The on-scene assessment operations of the sunken World War II tanker S.S. Montebello are nearly complete off the coast of Cambria, Calif., and the unified command has determined that there is no substantial oil threat from the Montebello to California waters and shorelines. The only operation that remains is the collection of hull samples to help determine corrosion status.
Over the past 11 days, a unified command led by the Coast Guard and California Department of Fish and Game's Office of Spill Prevention and Response assessed cargo and fuel tanks, as well as collected ocean floor sediment samples, using an underwater remotely operated vehicle (ROV). The sediment and tank samples that were collected are being sent for further analysis.
"Our number one objective for this mission was to determine what threat, if any, the Montebello poses to the waters and shorelines of California," said Coast Guard Capt. Roger Laferriere. "After careful evaluation of the data, we have concluded with a high level of confidence that there is no oil threat from the S.S. Montebello."
"This is a new era of prevention," said DFG OSPR Capt. Chris Graff. "This has been a cooperative partnership using cutting-edge technology and surgical precision. The procedures and techniques used could help conduct threat assessments on other sunken vessels."
NOAA scientists conducted computer trajectory models based on a number of hypothetical release scenarios.
"Given the data discovered and records available, a long-term release model seems most reasonable," said NOAA Scientific Support Coordinator Jordan Stout. "Such model indicates that most of the oil remained offshore and headed south, some would have evaporated within the first few days, and the remainder may have washed ashore but may have been so widely scattered it went unnoticed. There are a number of unknowns associated with this release; therefore, we will probably never know exactly what happened to the oil."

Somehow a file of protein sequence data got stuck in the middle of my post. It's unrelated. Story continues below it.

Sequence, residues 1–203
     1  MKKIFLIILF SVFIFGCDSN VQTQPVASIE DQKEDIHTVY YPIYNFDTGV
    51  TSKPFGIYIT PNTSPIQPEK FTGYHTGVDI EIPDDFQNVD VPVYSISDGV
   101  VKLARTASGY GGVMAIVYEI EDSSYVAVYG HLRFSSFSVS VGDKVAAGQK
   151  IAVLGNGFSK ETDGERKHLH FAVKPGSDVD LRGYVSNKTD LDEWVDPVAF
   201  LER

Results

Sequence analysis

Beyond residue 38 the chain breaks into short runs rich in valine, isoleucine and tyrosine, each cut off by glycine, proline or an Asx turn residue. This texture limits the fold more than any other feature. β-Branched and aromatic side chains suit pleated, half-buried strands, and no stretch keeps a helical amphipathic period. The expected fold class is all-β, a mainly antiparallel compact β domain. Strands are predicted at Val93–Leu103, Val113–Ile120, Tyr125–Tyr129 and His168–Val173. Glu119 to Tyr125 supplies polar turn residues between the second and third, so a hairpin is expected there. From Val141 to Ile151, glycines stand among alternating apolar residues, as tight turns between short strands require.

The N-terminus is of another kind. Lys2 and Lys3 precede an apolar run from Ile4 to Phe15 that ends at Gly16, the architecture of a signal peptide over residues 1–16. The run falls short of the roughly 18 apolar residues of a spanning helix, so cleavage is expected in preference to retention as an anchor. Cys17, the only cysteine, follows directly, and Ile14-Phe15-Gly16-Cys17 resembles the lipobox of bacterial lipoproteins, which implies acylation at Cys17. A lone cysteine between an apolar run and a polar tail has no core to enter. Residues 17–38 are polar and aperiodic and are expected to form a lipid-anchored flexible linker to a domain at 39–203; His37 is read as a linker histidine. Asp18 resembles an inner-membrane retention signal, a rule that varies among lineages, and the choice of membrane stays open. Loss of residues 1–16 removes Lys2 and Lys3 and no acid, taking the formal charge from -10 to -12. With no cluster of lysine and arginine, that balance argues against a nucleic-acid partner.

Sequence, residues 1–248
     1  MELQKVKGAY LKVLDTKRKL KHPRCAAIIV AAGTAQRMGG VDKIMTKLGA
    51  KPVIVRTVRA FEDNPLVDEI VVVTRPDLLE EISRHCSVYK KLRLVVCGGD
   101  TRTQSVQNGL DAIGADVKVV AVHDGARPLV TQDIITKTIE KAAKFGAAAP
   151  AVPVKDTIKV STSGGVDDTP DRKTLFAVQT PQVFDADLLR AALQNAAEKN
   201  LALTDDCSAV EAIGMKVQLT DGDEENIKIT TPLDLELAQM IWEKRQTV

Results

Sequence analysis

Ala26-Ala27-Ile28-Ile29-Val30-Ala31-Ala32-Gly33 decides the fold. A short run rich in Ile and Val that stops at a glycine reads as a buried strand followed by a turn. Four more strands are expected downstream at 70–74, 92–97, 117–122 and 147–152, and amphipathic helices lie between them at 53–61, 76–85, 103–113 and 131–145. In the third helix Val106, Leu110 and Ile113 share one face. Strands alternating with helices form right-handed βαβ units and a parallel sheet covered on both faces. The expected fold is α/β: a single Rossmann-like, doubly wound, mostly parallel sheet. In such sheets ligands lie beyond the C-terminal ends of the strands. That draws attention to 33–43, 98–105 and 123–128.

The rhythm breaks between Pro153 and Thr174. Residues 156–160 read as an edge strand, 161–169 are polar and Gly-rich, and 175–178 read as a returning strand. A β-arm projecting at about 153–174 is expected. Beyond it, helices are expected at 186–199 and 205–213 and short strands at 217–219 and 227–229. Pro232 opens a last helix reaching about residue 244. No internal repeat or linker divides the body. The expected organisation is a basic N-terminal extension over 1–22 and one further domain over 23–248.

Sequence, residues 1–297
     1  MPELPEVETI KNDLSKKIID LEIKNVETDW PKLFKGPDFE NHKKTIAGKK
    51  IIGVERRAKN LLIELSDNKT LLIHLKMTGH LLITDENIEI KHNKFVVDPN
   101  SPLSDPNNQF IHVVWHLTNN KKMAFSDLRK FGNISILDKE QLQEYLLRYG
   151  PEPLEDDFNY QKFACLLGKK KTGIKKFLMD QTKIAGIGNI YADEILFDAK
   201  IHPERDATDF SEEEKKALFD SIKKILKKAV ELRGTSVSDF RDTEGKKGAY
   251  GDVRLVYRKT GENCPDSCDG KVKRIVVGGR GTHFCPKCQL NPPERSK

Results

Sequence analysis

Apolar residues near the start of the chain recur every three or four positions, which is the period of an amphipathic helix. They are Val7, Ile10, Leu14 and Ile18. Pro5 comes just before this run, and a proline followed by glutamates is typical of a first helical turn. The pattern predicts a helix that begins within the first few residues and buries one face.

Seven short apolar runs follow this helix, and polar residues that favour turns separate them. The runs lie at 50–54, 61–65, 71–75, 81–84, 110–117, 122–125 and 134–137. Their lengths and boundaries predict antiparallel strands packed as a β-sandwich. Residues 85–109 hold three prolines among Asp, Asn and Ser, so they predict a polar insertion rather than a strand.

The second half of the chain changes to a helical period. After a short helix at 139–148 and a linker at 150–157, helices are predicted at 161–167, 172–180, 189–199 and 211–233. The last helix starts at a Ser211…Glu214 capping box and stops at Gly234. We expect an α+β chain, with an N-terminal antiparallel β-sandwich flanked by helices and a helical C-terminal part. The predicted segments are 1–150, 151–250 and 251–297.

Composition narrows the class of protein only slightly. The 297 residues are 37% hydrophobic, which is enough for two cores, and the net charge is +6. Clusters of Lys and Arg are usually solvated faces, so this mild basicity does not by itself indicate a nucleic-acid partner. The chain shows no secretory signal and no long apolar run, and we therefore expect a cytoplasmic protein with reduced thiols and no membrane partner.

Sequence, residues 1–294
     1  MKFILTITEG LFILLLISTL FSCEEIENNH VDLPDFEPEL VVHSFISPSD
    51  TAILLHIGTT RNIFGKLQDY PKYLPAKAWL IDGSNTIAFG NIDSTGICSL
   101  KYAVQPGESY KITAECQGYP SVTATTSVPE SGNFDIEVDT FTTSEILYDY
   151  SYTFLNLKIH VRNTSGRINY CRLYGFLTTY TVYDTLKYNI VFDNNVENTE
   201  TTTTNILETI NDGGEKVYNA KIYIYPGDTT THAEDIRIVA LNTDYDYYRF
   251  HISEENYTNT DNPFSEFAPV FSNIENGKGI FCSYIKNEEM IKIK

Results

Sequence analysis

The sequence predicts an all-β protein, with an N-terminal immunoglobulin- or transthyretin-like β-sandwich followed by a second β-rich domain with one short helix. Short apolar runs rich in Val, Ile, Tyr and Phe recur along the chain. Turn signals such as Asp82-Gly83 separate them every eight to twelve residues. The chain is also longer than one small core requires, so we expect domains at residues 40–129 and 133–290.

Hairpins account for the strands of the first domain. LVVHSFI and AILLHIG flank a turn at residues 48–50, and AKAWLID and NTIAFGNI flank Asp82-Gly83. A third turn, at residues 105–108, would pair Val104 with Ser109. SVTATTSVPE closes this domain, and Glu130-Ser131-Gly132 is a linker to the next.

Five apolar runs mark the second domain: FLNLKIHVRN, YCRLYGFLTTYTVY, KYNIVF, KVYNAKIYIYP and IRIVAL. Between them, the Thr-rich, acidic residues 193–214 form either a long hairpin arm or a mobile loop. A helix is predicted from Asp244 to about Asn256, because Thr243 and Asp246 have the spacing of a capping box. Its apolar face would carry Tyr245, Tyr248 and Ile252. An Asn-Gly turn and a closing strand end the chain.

The final report on the Montebello assessment operations is expected to be released sometime next spring.
The assessment operation was funded entirely by the Oil Spill Liability Trust Fund, a tax paid by the oil industry and not the general taxpayer. Approximately $5 million was budgeted for the operation.
ROV operations on the Montebello included:
- An initial vessel assessment that resulted in the collection of video and data that aided in the assessment of the overall condition of the ship.
- Ultrasonic hull thickness gauging indicates the hull is structurally sound.
- Neutron backscatter analyses, a non-destructive technology that helps determine the probability of oil within the tank, was performed and helped prioritize tank sample procedures.
- Sediment samples have been collected from the area surrounding the vessel and will undergo lab analysis, however, there was no visual evidence of oil contamination.
- Tank samples have been drawn and visual inspection indicates there is no quantifiable amount of oil onboard.
- Hull samples will be collected for metallurgic testing which will help determine corrosion status.